The opinion of the court was delivered by: Valerie Baker Fairbankunited States District Judge
ORDER SUMMARILY DISMISSING HABEAS PETITION AS DISGUISED § 2255 MOTION
The Court will dismiss this putative 28 U.S.C. § 2241 habeas petition summarily because the face of the petition, combined with judicially-noticeable information, indicates that it is an abusive, disguised motion under 28 U.S.C. § 2255. Petitioner asserts a challenge to his federal marijuana-growing conviction and/or sentence that may only be asserted pursuant to § 2255 in the court that tried him, namely the United States District Court for the Eastern District of California. His asserting such challenges here, having labeled them as a putative § 2241 petition, is obviously improper.
Petitioner Praseut Chanthasen is a federal prisoner housed in Lompoc, in this judicial district. On June 27, 2008, after a four-day trial before District Judge Lawrence J. O'Neill, a federal jury in the Eastern District of California convicted Petitioner and others on charges of growing large quantities of marijuana. See generally docket in United States v. Lawphachan, No. CR 06-0212 AWI (E.D. Cal.) (verdict is docket #147). Prior to his sentencing, Petitioner and the government extensively briefed Petitioner's motion for acquittal or a new trial, but Judge O'Neill denied that motion on December 19, 2008. On the same day, the court sentenced Petitioner to a lengthy prison term. Id. (docket #181).
Petitioner appealed, asserting insufficient evidence and a prejudicial failure by the prosecution to preserve a certain digital photograph. (Petitioner did not challenge his sentence.) The Ninth Circuit affirmed in an unpublished memorandum decision. See United States v. Chanthasen, 367 Fed.Appx. 796, No. 09-10001 (9th Cir. 2010).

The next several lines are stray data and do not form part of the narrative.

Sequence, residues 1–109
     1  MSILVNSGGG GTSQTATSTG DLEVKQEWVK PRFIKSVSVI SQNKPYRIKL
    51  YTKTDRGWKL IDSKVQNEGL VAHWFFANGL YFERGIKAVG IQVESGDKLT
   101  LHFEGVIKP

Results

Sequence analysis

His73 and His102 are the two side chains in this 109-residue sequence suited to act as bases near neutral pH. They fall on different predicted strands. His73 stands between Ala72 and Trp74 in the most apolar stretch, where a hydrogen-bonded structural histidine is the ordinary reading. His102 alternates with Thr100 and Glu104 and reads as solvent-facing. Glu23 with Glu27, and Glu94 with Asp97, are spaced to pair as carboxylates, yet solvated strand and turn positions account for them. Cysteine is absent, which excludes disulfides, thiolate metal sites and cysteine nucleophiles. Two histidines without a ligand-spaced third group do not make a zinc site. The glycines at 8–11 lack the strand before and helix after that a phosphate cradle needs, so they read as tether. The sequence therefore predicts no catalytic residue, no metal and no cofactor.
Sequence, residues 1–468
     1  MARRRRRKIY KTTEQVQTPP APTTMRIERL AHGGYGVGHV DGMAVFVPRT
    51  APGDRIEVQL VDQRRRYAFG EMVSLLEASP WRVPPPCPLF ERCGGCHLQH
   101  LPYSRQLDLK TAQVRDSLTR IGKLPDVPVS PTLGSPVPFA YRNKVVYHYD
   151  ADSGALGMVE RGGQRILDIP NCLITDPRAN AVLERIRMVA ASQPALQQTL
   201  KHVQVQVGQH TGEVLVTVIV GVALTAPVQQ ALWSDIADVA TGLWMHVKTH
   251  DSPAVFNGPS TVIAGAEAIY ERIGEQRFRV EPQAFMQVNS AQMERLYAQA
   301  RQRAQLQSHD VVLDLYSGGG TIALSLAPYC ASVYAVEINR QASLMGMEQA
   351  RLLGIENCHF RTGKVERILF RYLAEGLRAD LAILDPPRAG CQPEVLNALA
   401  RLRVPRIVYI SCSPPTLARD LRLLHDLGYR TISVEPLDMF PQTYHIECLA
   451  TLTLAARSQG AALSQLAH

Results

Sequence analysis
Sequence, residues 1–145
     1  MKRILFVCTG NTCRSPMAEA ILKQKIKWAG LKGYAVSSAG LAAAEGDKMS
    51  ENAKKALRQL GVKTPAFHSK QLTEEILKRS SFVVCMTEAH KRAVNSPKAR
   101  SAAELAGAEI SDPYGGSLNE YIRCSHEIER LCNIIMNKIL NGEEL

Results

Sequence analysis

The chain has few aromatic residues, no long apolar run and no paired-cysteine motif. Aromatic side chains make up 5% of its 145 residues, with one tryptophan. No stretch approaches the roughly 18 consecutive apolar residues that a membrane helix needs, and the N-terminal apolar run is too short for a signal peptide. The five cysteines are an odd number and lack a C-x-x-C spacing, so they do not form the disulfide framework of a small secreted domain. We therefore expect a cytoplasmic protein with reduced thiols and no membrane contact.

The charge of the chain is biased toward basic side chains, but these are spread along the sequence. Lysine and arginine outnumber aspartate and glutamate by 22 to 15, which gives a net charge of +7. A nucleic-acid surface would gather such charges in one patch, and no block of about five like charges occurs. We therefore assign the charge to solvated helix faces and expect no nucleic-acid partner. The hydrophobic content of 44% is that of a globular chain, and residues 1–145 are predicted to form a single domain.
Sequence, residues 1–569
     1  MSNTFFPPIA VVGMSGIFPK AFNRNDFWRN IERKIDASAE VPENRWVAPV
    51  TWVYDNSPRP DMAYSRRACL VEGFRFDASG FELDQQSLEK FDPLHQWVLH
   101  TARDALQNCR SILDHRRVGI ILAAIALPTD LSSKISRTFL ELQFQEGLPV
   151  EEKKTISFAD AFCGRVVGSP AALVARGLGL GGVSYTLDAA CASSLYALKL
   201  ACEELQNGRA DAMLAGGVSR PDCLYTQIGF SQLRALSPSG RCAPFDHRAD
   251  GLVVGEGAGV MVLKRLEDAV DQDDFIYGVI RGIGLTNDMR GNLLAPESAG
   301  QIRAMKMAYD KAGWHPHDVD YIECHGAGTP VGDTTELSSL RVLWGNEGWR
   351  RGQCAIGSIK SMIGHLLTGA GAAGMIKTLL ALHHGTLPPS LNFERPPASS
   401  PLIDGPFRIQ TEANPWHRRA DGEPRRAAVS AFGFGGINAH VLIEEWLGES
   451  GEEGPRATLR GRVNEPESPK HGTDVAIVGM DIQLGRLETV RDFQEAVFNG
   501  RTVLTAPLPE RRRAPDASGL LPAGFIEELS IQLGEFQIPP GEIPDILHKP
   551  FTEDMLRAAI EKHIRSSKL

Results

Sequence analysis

Petitioner's petition here appears to rehash some of his arguments against his conviction, and to add new arguments, many of which newly attack his sentence.
28 U.S.C. § 2255 generally provides the sole procedural mechanism by which a federal prisoner may test the legality of his detention. Lorentsen v. Hood, 223 F.3d 950, 953 (9th Cir. 2000). That section bars courts from entertaining most habeas petitions where "it appears that the applicant has failed to apply for relief, by motion, to the court which sentenced him, or that such court has denied him relief[.]" In light of this rule, the statute on its face appears to bar the present action. Section 2255 itself permits resort to a 28 U.S.C. § 2241 petition when a § 2255 motion is "inadequate or ineffective to test the legality of [the] detention." 28 U.S.C. § 2255. This clause is sometimes referred to as the "escape hatch" to § 2255's exclusivity provision. Lorentsen, 223 F.3d at 953.
Only rarely is § 2255's escape hatch available. A § 2255 motion cannot and should not be viewed as "inadequate" merely because the sentencing court has denied relief on the merits. Id. Any contrary ruling would nullify the statute's gatekeeping provisions, and Congress then would have accomplished little in its attempts to limit federal collateral review in passing laws such as the Antiterrorism and Effective Death Penalty Act of 1996 ("AEDPA"). See Triestman v. United States, 124 F.3d 361, 374-76 (2nd Cir. 1997) (discussing Congressional intent to narrow collateral attacks).
"Along with many of our sister circuits," the Ninth Circuit has explained, we have held that a § 2241 petition is available under the "escape hatch" of § 2255 when a petitioner (1) makes a claim of actual innocence, and (2) has not had an "unobstructed procedural shot" at presenting that claim.
Stephens v. Herrera, 464 F.3d 895, 898 (9th Cir. 2006) (collecting cases).*fn1
Here, opening the "escape hatch" is unwarranted. Petitioner already has fully litigated two direct-appeal claims attacking his conviction. He did not include his current claims attacking his sentence, but he knew what his sentence was and certainly had the opportunity to have included such challenges at that time. Similarly, Petitioner has not moved in the trial court for § 2255 relief, although he certainly had the opportunity to do so. The mere fact that Petitioner has not succeeded in one or more such "procedural shots," or that he simply did not take ...